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Moving Your Business Out of the House

Picking the right time to move production from your home to a plant is one of the most pivotal decisions entrepreneurs face.


Christine White's home-based had a problem. A good problem, you could say, but a problem nonetheless.

The owner of Scandle LLC was making a few thousand natural candles in a spare room of her house using wax-melting equipment as big as a refrigerator--but she still couldn't keep up with demand. And her home was being overrun by candles and packaging. So she came to the realization that her business had become too big for home sweet home.

"I had to move out because I couldn't get the products out to my customers fast enough with such a small setup," says White, whose firm is based in Corinth, . "I had to start palletizing candles because I couldn't just send out boxes anymore. And shipping companies were charging me more because I was in a residential area."

But simply knowing you should move your business out of the house is not enough. It's all about timing, as picking the right moment to move the assembly line out of the pad and into a plant is one of the most pivotal decisions entrepreneurs face. The wrong choice can make or break a business because opening a , however small, can bring with it unforeseen expenses and lots of headaches, says Julie Lenzer Kirk, adjunct professor in innovation and at the University of Maryland, Baltimore County, and CEO of consulting firm Path Forward International.

Indeed, White delayed her move as long as she could. "Going from home-based to space and buying larger equipment is really scary," she says. But having her company go from producing a few thousand products monthly with annual sales of $50,000 to producing 10,000 candles every month with projections of $200,000 in revenues this year was worth it.

How'd she do it?

  • She first tested the waters by using a Texas contract manufacturer to produce her products, but found she wasn't happy with the quality. And other contractors she priced were just too costly for her fairly thin profit margins.
  • Since the market was hurting, she decided to open her own factory and got a reasonable deal on rent for a 2,000-square-foot facility just a five-minute drive from her home.
  • Before she signed a rental agreement, she used a spreadsheet to crunch the numbers in order to figure out how much she could afford in overhead, keeping in mind she'd had no real company overhead at home.
  • And she used eBay and Craigslist to get low-cost used equipment to make her products, and hired three workers and one intern to help her.

The factory was up and running in March and she pays about $1,000 a month for rent, electricity and internet service. She hit a couple of unforeseen issues, including a leaky roof. She also had to install air-conditioning throughout the space because the candles were not setting up properly during the hot months. "It's definitely been an adventure," she notes.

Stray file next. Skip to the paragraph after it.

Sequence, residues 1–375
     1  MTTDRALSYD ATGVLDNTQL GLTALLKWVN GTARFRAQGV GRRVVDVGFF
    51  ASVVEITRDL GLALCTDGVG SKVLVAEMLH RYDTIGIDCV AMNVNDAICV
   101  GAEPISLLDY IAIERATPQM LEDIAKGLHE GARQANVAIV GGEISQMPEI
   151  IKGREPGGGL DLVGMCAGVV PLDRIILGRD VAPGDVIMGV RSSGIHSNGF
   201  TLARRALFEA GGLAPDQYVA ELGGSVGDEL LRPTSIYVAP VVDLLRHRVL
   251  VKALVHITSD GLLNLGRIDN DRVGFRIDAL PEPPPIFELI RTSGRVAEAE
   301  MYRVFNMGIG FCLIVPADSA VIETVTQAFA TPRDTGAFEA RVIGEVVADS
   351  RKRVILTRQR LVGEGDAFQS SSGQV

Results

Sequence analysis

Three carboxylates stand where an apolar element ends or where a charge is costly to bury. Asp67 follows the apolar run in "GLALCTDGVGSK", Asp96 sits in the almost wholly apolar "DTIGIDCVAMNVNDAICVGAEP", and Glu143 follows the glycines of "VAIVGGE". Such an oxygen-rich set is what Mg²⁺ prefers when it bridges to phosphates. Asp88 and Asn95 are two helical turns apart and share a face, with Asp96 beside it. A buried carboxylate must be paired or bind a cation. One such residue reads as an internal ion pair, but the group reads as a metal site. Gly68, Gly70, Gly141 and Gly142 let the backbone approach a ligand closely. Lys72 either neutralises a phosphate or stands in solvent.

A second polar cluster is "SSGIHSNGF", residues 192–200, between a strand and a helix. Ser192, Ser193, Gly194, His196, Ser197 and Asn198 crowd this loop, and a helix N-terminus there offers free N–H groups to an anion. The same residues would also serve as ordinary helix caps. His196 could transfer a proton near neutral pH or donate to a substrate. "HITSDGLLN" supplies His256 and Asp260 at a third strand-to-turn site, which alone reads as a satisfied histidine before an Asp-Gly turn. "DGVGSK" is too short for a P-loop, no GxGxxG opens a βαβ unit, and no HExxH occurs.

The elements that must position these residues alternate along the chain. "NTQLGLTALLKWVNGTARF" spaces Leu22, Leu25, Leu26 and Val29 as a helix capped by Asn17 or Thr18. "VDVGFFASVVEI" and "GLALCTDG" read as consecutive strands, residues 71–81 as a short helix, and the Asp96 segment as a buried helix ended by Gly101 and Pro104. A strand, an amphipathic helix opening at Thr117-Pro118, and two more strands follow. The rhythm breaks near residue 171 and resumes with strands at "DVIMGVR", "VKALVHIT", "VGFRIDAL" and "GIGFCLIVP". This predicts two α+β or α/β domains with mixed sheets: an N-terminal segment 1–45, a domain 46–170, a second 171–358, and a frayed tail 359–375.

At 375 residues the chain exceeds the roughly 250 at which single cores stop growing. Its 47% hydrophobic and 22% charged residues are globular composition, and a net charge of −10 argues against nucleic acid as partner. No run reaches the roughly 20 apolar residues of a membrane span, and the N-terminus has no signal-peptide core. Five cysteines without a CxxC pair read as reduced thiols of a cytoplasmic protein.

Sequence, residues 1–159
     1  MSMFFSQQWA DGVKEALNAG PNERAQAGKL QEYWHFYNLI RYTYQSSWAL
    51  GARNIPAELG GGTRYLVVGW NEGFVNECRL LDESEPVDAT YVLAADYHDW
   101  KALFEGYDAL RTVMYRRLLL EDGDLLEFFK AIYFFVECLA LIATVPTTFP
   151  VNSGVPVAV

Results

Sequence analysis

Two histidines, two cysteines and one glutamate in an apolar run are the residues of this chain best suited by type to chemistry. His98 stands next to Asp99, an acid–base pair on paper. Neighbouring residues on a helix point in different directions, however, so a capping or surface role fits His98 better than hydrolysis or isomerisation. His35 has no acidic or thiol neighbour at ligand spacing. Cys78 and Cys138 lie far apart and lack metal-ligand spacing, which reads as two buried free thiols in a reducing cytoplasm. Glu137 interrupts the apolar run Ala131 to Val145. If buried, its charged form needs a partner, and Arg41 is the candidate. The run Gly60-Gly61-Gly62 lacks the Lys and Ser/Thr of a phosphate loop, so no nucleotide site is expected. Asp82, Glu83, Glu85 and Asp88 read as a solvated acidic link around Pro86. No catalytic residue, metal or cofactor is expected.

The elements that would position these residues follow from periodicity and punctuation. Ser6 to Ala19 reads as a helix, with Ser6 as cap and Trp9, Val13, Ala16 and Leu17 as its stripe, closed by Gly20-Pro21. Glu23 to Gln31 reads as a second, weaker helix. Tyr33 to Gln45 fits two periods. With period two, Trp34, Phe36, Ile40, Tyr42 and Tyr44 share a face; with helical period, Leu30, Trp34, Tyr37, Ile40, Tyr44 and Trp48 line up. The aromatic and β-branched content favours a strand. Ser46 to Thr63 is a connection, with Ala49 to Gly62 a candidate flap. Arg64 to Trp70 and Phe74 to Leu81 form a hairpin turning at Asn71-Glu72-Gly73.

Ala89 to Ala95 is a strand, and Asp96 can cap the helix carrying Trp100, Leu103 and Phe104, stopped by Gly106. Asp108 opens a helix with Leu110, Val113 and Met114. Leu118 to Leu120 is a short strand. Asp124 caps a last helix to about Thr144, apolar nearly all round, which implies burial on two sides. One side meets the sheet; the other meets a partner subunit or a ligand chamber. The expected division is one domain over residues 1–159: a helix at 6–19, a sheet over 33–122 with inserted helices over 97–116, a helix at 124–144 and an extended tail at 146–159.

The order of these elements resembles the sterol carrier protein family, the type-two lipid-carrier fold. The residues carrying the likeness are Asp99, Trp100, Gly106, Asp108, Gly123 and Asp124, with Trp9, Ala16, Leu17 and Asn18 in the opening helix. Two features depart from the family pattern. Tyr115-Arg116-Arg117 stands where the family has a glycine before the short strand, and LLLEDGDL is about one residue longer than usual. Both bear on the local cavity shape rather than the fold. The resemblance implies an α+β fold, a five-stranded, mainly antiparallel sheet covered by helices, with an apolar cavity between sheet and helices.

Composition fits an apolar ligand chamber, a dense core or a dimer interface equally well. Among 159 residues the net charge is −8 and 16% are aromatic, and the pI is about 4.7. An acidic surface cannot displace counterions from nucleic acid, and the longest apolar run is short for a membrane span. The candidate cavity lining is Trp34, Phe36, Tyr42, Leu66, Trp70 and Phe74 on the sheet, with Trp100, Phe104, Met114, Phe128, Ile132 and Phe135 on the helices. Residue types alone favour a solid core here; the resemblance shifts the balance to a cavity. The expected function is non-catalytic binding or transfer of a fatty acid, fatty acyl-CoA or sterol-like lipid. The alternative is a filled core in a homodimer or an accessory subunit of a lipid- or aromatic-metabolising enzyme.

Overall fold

Kirk offers some challenges to keep in mind, if you're considering this kind of expansion:

  • Realize that scaling up from small-batch production to mass production isn't always just a multiplier situation. Most products need to be re-engineered for larger batch sizes and quantities.
  • Bear in mind industrial-grade equipment is not the same as what you would find in your home. It is often more complex and has different operating parameters, which can result in a different output.
  • Investigate the licensing rules in your area.
  • Make sure you have the appropriate quality-control procedures in place.
  • Find out if you're required to have more insurance coverage.

Paul Pruett, CEO of The Praim Group, a food consulting company, says some common errors he sees include underestimating lead time when ordering equipment or equipment installations, and improperly ordering and storing ingredients.

If it all sounds too complex, you should consider reaching out for support.

Elyissia Ayn Wassung, owner of 2 Chicks With Chocolate Inc., sought help when she decided to go from cooking up chocolate treats in a Crock-Pot out of her kitchen to producing the treats in a 2,000-square-foot plant in South River, New Jersey.

She read many books that helped motivate her, including "A Good Hard Kick in the Ass: Basic Training for Entrepreneurs" by Rob Adams. And she joined an online entrepreneurial consulting forum called CEO Space, where she is able to take classes on everything from operations to marketing and has a group of advisors to tap into.

"With more space and more equipment, we have been able to streamline operations and increase productivity," she says, adding that the company is expected to bring in $250,000 this year.

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